Nock Fit

wingate_52

New member
I was wondering if my tied on nocking points were too close and affecting the nock at full draw and release. Using Easton G-nocks, there is 0.4mm clearance/gap with the string in tension on the bow, and the arrow nocked but not drawn back. When the arrow is at full draw, the nocking points may be forced into contact with the nock, exerting twisting forces on the nock and arrow on release. Beiter nocks have some string clearance on the top side of their nocks, but only a 0.3mm clearance between No.1 nocks and their served in plastic nocking points. What gaps do you archers have twixt nock and nocking point. Some are tight, and shoot well, some are loose and...
 

EVC

New member
I make my thread nocking points as tight as possible (and they tend to loose a little due to nock contact.) For me the vertical variation of the arrow along the string due the fingers pinching the nocks is much more relevant than whatever the (tiny as far as I can see) contact force due to the nocking points. If that is such a great concern use only the upper nocking point.

Just my 0.02 x (favorite currency goes here).

:beer:

Elder.
 

DenzilS

New member
Just for the record - I use Beiter bits, and the nocks are asymmetric. Part of the groove is angled to maintain a good fit. This does mean you need to fit them the right way around, of course.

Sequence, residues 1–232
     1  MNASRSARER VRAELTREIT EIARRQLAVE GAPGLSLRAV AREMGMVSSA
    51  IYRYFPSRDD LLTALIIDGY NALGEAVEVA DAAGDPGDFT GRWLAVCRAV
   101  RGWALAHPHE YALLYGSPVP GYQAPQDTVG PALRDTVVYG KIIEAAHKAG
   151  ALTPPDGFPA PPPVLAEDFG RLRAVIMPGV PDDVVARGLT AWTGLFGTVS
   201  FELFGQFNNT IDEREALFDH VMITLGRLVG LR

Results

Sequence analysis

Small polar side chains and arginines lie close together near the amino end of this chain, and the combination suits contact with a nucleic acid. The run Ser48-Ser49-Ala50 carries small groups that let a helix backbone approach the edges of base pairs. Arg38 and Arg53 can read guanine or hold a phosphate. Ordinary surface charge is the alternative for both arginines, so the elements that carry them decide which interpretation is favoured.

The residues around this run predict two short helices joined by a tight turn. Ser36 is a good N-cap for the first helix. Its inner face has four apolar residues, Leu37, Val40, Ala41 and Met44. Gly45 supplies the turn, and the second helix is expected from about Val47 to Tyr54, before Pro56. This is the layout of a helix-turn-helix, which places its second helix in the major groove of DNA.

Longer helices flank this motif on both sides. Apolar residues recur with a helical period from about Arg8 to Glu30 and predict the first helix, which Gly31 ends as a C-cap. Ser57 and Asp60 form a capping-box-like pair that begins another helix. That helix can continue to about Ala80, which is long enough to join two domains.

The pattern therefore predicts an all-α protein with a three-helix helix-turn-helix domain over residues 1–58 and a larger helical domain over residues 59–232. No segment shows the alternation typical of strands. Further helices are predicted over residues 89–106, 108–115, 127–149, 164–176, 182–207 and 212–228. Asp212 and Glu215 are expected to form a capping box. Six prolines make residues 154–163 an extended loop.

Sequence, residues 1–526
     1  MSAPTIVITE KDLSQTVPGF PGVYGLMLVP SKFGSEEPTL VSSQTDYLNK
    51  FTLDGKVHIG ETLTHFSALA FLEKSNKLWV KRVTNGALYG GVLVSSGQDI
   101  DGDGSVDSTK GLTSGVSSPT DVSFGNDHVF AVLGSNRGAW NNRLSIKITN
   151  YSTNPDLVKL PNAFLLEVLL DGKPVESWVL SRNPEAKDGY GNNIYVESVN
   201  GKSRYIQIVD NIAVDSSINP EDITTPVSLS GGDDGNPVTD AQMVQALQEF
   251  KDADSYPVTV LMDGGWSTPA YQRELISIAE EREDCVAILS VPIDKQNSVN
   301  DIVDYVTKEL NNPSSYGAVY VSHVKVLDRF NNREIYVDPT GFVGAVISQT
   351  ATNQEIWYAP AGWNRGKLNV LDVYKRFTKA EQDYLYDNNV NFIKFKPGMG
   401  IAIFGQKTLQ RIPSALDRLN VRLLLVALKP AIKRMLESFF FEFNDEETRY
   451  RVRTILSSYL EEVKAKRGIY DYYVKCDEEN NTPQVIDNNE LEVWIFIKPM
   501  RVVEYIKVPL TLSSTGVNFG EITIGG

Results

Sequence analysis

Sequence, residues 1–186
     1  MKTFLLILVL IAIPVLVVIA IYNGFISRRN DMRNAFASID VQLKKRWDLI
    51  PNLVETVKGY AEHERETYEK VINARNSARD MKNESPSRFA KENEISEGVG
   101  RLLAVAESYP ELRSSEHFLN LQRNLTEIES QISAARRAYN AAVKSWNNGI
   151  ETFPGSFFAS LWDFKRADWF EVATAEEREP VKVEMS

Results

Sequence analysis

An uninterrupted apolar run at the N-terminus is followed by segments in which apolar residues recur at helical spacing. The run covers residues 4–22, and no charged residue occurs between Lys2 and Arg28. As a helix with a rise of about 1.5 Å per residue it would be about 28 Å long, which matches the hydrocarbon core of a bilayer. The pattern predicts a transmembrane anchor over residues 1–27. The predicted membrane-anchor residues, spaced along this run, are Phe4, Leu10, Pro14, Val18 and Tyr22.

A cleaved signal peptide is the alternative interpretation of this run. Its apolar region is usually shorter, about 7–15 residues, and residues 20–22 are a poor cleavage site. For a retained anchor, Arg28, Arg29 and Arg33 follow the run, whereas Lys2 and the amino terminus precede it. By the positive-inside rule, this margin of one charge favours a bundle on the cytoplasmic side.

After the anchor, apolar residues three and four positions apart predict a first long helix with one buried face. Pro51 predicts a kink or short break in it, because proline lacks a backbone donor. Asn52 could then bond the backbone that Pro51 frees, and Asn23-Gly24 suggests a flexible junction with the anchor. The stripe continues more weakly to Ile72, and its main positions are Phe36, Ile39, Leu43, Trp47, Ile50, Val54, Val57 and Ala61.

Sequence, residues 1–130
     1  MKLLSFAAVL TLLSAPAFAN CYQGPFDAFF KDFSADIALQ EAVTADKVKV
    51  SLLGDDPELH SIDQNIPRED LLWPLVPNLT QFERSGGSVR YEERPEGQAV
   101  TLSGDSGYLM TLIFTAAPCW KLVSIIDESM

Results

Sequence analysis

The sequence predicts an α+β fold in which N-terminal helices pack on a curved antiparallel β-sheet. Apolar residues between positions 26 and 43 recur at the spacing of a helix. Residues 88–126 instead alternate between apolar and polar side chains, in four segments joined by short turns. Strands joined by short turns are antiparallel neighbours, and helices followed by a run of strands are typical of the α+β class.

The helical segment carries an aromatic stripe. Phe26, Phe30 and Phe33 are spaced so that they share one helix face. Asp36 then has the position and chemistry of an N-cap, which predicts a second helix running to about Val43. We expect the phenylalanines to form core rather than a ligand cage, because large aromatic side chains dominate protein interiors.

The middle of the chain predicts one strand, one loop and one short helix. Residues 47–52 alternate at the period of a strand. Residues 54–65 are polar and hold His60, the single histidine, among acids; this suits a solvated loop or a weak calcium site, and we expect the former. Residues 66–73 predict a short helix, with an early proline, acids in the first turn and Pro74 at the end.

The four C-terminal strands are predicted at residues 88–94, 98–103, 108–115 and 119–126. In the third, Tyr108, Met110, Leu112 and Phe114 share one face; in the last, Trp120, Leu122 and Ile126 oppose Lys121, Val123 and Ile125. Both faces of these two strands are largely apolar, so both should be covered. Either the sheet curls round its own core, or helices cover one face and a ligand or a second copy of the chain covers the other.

geoffretired

Supporter
Supporter
I was told by Chris Burkhart, the guy from Magnoks, that a nocking point should allow the string to rotate in the nock without turning the arrow. And that the string should be able to tilt upwards and downwards without lifting the arrow off the rest or pressing it onto the rest. I guess that leaves the fact that you don't want the arrow sliding up and down the string, to be addressed somehow.
If you imagine the top finger is not holding any weight, you would see at full draw, the top nock point pressing down on the nock,( some nocks have a cut away there that would reduce most of the pressure) specially if it was close and high profile like a brass nock point. If the top finger holds more weight at full draw then that problem would be reduced but might still be there, specially with high profile.....
I think that low profile nock points are the way to go. If they need to be built up to keep them securely in place, then the shoulders should slope so it is low profile where contact is made with the arrow nock.
 
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